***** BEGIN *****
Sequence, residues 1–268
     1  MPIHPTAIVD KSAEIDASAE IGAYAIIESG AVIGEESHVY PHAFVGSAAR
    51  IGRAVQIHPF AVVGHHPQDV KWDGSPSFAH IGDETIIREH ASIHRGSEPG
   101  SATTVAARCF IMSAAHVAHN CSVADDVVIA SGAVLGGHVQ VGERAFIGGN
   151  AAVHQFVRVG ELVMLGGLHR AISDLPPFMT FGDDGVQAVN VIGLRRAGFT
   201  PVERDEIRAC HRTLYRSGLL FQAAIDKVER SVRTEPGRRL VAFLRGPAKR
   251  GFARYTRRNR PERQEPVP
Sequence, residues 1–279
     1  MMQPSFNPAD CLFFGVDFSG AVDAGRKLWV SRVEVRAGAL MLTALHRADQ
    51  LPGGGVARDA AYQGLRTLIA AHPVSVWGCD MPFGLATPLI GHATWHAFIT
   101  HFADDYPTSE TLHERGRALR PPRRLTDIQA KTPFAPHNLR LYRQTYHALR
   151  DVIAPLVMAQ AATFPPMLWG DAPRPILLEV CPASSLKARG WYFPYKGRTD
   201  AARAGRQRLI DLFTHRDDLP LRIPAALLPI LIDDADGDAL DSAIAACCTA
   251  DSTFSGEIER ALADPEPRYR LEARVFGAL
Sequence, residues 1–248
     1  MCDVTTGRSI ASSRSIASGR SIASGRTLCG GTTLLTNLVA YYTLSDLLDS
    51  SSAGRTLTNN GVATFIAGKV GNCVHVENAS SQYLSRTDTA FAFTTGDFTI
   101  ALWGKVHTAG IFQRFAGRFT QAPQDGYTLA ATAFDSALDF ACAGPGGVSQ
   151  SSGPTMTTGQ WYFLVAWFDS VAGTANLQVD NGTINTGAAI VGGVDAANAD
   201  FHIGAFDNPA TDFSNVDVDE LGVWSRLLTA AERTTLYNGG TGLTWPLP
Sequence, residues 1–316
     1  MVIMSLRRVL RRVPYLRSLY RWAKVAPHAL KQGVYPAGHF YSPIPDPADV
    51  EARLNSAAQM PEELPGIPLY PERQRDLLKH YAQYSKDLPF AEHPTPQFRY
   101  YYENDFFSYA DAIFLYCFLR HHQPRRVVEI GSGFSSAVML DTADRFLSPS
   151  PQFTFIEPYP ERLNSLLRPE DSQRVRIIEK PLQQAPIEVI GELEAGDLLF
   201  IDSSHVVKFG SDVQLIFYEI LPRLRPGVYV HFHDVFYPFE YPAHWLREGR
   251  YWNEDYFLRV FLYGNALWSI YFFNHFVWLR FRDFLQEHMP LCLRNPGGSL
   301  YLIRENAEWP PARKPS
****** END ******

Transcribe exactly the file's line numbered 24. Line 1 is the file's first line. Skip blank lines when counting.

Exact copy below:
   101  YYENDFFSYA DAIFLYCFLR HHQPRRVVEI GSGFSSAVML DTADRFLSPS